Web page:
When David Garrett wanted a title for his new album, he came straight to the point and called it Music. A former child prodigy of the classical world who signed to Deutsche Grammophon when he was...
When David Garrett wanted a title for his new album, he came straight to the point and called it Music. A former child prodigy of the classical world who signed to Deutsche Grammophon when he was only 13, he now provokes Garrett-mania among hordes of international fans with his spectacular fusions of rock and pop with symphonic or baroque traditions. To him, it's all music and all equally valid.
"I never stopped playing classical music," he points out. "But when you become really accomplished on the violin, you can literally do anything. It's just a matter of what you really want to do with music."
In his teen-wonder years, it looked as if he was all set for a long career as a classical soloist. He worked with leading orchestras around the world under such esteemed maestros as Claudio Abbado and Zubin Mehta, and mastered the major works from the violin repertoire. But he knew that there was a different life beyond the hothouse bubble of classical music, and he took the gamble to leave Europe and head for the teeming melting pot of New York. He kept up his classical studies at the Juilliard school, but the city offered him all kinds of musical and personal opportunities.
The new, open-to-everything David Garrett was born. You could probably write a book about all the musical dreams and schemes inside his head, and the pieces he has created for Music offer plenty of clues about the scope of his ambitions. The disc pulls together an intoxicating mix of classic rock, classic pop and classic classical, all blended together within the violinist's ever-expanding universe. "I try to see classical music in a new perspective," he explains, while "on the other hand I want to integrate elements of classical music into pop, yet leave its original energy intact."
There's certainly no lack of energy in his cacophonous reincarnation of Khatchaturian's Sabre Dance, a rocked-up rampage which owes more to the Sex Pistols than to the Leningrad Philharmonic. In Garrett-world, nothing is sacred. He boldly plugs into the essence of Ludwig van Beethoven's genius by taking two movements from the composer's Ninth Symphony and subjecting them to the full Garrett treatment. He delivers the Scherzo as an exhilarating rhythmic gallop, supercharged with crashing percussion, howling guitars and power-fiddle, while the famous Ode to Joy is modified with a whirling Celtic jig on violin as the European Community Choir blasts out the famous tune.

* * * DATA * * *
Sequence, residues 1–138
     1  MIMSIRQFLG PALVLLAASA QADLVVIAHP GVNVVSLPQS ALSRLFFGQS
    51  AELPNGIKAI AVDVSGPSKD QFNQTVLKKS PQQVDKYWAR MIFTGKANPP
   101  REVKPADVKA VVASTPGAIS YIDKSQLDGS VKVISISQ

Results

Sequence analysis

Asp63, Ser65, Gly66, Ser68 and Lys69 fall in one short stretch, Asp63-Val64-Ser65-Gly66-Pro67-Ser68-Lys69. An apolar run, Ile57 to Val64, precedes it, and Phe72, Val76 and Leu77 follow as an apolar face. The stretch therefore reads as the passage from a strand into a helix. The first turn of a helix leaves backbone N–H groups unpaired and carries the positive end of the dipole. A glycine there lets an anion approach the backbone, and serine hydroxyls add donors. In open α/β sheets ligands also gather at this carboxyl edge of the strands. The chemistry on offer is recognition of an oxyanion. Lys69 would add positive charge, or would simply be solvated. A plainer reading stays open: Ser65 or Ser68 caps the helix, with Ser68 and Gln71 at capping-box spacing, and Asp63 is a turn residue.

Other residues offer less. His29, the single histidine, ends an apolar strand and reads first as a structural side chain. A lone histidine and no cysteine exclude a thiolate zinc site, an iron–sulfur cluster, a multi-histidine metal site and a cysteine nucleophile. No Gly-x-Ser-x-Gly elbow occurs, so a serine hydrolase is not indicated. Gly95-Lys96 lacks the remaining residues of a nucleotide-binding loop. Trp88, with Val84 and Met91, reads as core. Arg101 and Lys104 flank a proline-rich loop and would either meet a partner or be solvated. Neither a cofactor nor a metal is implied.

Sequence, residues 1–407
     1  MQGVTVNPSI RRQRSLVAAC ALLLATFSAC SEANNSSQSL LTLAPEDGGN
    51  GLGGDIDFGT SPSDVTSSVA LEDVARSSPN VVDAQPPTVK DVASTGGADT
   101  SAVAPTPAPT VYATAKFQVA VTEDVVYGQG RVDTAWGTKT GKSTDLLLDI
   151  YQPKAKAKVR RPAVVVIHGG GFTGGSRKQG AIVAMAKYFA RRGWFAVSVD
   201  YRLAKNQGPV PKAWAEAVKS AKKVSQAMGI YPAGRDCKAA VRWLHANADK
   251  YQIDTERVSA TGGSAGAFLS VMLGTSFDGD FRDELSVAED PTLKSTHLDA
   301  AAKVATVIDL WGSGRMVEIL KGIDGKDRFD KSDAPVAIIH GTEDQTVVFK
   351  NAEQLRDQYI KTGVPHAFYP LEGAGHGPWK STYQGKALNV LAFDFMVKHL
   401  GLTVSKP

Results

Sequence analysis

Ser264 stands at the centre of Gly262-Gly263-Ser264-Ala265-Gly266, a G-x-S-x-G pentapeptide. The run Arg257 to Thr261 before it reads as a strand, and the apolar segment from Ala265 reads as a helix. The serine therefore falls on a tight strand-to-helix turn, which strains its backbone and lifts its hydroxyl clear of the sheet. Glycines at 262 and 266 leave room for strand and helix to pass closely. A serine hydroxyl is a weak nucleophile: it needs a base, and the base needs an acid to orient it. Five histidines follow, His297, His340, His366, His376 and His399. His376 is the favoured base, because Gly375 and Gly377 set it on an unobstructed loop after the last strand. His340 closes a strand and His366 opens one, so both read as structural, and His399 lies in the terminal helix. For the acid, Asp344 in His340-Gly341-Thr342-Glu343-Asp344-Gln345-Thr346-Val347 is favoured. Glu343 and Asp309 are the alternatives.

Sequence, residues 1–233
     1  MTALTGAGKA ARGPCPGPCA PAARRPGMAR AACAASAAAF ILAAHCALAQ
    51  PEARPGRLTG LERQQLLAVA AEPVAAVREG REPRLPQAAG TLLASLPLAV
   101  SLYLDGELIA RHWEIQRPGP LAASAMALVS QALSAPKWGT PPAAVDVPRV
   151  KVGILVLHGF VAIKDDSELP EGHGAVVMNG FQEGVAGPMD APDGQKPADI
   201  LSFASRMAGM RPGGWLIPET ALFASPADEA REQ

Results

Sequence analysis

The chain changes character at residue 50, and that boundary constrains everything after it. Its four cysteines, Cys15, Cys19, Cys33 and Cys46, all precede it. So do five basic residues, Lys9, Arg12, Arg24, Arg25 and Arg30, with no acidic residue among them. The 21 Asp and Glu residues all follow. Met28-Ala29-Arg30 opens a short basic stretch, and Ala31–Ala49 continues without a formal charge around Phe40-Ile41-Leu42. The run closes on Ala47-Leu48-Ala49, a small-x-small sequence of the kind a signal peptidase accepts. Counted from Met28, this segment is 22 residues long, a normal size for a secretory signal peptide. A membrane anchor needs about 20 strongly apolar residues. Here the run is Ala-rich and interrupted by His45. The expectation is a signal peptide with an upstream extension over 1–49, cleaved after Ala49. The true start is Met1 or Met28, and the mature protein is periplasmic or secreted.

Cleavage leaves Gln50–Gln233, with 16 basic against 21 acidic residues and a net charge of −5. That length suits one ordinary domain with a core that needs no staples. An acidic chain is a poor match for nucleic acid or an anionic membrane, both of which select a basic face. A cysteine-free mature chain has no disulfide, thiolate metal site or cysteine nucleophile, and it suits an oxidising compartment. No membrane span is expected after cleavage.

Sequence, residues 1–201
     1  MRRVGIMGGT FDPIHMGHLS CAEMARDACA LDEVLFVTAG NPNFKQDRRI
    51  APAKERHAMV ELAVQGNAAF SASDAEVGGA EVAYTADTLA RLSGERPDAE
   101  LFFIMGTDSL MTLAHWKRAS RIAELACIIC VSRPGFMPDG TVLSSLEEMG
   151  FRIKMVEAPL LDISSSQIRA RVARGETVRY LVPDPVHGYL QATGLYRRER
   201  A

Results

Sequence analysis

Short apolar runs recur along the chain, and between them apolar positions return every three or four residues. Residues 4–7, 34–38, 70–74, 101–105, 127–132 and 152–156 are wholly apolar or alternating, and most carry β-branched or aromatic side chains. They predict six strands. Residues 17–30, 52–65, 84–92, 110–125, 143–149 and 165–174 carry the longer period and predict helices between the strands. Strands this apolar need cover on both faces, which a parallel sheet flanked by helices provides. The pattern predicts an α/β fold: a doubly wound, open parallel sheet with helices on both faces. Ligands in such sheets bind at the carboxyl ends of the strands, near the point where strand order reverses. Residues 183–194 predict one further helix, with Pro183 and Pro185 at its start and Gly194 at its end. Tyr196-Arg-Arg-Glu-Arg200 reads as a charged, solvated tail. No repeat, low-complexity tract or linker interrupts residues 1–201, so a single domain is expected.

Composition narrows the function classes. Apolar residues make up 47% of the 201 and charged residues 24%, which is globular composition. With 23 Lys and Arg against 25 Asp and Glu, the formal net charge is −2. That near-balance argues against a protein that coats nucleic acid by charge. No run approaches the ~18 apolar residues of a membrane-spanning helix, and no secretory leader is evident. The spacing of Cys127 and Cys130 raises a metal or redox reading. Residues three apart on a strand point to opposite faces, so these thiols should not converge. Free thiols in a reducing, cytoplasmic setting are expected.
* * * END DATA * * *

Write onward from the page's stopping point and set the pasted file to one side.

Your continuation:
But perhaps even more audacious is Garrett's wholesale reworking of Chopin's Nocturne. Picking a composer who is recognised as one of history's most perfect exemplars of the art of the piano and who never composed a note for the violin might sound, on the face of it, a trifle foolhardy. A violin is never going to resemble a piano, but Garrett solves the problem by using the violin to distill the melancholy, introspective spirit of the piece, while adding a backdrop of electronic percussion and David Foster's limpid keyboard.
After that, it probably seemed the simplest thing in the world to convert Bach's C major Double Harpsichord Concerto into yet another distinctive addition to the Garrett repertoire. Garrett focuses on burnishing the melodic line while piano and strings add a wash of simple but effective tonal colours behind him.
Garrett's art lies in the way he opens a two-way street between classical and popular music. His version of Coldplay's Viva La Vida makes use of sophisticated electronic multitracking, but also incorporates something of the spirit of Minimalist composers such as Philip Glass or Michael Nyman. When he takes on the crushing weight of Queen's bombastic anthem We Will Rock You, he makes room for some daredevil classical flourishes in between the enormous rhythmic explosions detonating all around him.
It's as if he's daring himself to search for the next challenge. Taking a further leap beyond Vivaldi Vs. Vertigo (where he craftily grafted the Four Seasons onto the piledriving riff from U2's Vertigo), this time he has found a way to fuse the celebrated James Bond Theme with Led Zeppelin's classic Whole Lotta Love to create Whole Lotta Bond. But there's a poppier sensibility at work here too, evident in the delicate pizzicato playing he brings to the Michael Jackson hit Human Nature, or the way he integrates solo violin into the urban, R&B-tinged Cry Me A River.
His work is often described as "crossover", but whatever it is, he believes that it "poses an even greater challenge than classical music does because you want to present things to your listeners in a completely new light while putting on a superb violinist's performance."
Perhaps we should just call it David Garrett music. Or better still, just Music.